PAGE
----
'Early detection of an incipient wound infection is a challenge for the attending physician , since its early diagnosis allows the timely initiation of treatment, thus reducing the severity of the disease . Currently, however, wound infection is not diagnosed until becoming already evident. As a consequence, the treatment of the patient is further complicated and more likely to have a negative outcome4. Often wounds are treated with antibiotics before even the infection appears, leading to overdoses and development of bacterial resistance to antibiotics.
Considering that optimal efficiency is reached when a material serves multiple functions without compromise, consortium partners have discovered the means to convert wound dressings into a diagnostic tool capable to inform both patient and therapist about the wound status, thus directing towards the following therapeutic step. The proposed functional materials include a real time diagnostic reaction that positively influences the wound healing due to the timely intervention to treat infection or proteolytic stasis in the wound
The novel InFact technology will be translated into a low-cost, real-time diagnostic tool as a constituent part of a wound dressing material, i.e. the 'triple-P' materials concept:
- Protective - by a decoy substrate for destructive proteases
- Predictive – providing a cumulative wound status signal to predict the infection transition
- Proactive - changing the dressing according to a signal, rather than on a schedule base, will provide therapeutic response in time, and not too late.
More specifically, the functional materials (e.g. absorbent fibres and hydrocolloid pads) will incorporate immobilized substrates for three enzymes: myeloperoxidase, lysozyme and elastase. Upon infection, these enzymatic activities are highly elevated in wound fluids, and can be detected by the color change of the functional materials, visible via a window in the dressing.'
'NanoQuench project is about the development of alternative methods to coat indewelling medical devices to control microbial biofilms with relevance to clinical drug resistance. Biofilms are bacterial communities embedded in a self-produced polymeric matrix that commonly grow on indwelling medical devices, such as catheters. This mode of growing is believed to be regulated by a quorum-sensing (QS) system, a unique mechanism of communication that bacterial cells use through the secretion and uptake of small hormone-like molecules, called autoinducers. Due to their innate resistance to the immune system and low susceptibility to antibiotics, the microbial biofilms are difficult to treat and are a major factor in the morbidity and mortality of most infectious diseases. Methods by which the initial stages of bacterial attachment and biofilm formation can be restricted or prevented are therefore needed. Technologies that avoid catheter biofilm formation are based mainly on the application of conventional antimicrobial agents. However, the high resistance of bacteria within the biofilm makes any single therapeutic intervention unlikely to have sufficient effect.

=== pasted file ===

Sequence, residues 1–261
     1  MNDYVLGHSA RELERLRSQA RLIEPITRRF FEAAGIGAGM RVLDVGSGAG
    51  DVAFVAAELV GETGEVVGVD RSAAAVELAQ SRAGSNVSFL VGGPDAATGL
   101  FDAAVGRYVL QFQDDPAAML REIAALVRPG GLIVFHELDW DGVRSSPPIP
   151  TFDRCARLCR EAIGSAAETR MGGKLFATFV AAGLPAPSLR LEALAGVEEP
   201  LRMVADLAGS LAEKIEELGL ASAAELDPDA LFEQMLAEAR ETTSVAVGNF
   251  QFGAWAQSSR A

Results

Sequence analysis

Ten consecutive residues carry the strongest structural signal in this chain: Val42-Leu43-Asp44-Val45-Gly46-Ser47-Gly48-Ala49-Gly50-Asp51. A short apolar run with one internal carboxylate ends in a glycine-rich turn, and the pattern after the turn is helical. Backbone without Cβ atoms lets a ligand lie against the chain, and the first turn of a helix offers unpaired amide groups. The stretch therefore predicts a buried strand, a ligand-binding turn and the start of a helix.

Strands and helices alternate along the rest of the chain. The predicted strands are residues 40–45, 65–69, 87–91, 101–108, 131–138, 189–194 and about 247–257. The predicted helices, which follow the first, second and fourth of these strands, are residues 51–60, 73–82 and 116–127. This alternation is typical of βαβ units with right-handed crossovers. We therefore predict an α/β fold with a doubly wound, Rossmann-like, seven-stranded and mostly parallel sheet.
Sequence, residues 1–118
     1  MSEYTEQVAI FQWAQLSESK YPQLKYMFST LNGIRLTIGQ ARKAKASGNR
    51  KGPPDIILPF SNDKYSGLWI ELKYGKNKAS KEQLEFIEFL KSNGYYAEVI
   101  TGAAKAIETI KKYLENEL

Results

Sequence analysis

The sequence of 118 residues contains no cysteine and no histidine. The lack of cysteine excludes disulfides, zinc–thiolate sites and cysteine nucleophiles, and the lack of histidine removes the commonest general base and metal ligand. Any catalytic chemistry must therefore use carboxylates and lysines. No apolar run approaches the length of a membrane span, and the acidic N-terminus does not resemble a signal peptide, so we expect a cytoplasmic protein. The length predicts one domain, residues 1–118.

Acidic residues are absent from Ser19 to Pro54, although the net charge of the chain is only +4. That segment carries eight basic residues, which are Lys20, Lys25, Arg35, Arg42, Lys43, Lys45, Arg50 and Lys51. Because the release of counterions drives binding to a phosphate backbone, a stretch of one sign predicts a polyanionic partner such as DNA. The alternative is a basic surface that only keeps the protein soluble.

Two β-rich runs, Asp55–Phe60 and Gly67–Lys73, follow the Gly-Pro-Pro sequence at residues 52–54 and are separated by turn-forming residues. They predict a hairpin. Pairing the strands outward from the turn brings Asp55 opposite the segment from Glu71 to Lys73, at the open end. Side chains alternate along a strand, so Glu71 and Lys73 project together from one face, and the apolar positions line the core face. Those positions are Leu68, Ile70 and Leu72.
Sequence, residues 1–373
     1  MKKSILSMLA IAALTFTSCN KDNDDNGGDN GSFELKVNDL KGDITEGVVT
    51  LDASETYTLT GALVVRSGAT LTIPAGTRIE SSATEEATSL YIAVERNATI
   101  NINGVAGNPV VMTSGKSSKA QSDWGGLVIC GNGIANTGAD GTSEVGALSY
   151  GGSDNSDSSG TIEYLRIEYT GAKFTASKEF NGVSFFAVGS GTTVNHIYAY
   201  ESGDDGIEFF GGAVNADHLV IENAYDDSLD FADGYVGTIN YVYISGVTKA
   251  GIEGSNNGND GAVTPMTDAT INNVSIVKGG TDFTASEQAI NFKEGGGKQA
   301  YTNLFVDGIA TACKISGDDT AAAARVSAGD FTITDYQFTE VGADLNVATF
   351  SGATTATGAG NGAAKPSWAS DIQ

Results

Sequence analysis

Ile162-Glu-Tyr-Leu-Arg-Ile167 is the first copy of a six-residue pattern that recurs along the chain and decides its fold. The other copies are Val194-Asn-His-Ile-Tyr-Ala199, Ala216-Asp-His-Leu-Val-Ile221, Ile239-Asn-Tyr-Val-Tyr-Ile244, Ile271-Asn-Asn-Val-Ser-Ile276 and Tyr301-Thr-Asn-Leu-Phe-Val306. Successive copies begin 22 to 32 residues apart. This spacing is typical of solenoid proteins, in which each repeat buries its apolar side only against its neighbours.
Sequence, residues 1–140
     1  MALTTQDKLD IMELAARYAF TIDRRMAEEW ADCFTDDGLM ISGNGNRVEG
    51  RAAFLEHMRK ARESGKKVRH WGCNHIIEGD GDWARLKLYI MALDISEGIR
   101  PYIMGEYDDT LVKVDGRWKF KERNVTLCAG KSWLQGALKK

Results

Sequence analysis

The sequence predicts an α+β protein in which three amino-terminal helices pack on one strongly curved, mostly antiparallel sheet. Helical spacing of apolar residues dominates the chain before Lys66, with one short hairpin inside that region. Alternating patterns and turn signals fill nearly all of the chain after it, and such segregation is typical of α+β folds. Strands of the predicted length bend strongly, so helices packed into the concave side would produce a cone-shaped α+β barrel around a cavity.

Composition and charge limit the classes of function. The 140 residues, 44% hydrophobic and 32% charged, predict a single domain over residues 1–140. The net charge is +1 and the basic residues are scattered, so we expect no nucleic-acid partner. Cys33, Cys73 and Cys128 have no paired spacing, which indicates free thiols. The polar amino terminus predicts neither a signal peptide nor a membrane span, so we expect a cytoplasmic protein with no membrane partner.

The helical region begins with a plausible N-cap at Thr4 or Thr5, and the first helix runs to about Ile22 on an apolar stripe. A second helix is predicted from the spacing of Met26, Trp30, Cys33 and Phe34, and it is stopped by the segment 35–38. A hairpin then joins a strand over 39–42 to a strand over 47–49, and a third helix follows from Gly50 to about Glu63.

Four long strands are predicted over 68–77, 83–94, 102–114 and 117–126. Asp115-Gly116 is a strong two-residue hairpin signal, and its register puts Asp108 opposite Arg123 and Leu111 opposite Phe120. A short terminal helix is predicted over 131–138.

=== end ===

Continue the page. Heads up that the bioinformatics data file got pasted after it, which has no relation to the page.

This project focuses on the development of an integrated technological platform comprising quorum quenching enzymes and novel antibacterial agents (nanoantibiotics), able to counteract biofilm formation and at the same time avoid development of bacterial resistance to the therapy. These functional compounds will be coated onto catheters via layer-by-layer technique or a novel ultrasonic process.'
The objective is a first industrial application of the eco-innovative solution ERUTAN (nature backwards), with the intention to reach global replication of the environmentally friendly production process for wool floor coverings. ERUTAN is developed at pilot scale by three SME/s in cooperation with European R&D partners and brings a high added value to the global carpet market. The main objectives and steps beyond the state-of-the-art of this project are: i) up-scaling of an innovative, sustainable enzymatic wool scouring method, ii) up-scaling of a novel enzymatic process for bonding between the yarns and supporting material of the carpet. WP2, realisation of an industrial enzymatic wool scouring process, enables sheep farmers worldwide to scour their own raw wool environmentally responsible. The carpet backing approach brings considerable energy saving and low, if any, carbon footprint using naturally based adhesives and enzymes.
ERUTAN is the first real innovation in manufacturing of textile floor covering since 1960. Although the single production steps remain equal, the environmental impact and production method change greatly. The pilot line for wool scouring, located at partner JMS, will be adapted to reach the industrial standard of scouring 10 tons of raw wool within 6 hours. Intensification is further achieved by optimizing enzyme formulation and conditions for application. Regarding the enzymatic bonding process 4 tasks are planned for WP3: Identification of potential providers for adhesives precursors and enzymes, Up-scaling backing line, Up-scaling adhesive paste, Optimization of process parameters and paste application technology. Within LCA work package, input of ERUTAN carpet after its use phase into a second life such as substrates for the agro and food industry, is taken into account. In WP5, business plan related to the exploitation and commercialization of the industrially developed processes and products. Dissemination activities are in WP6.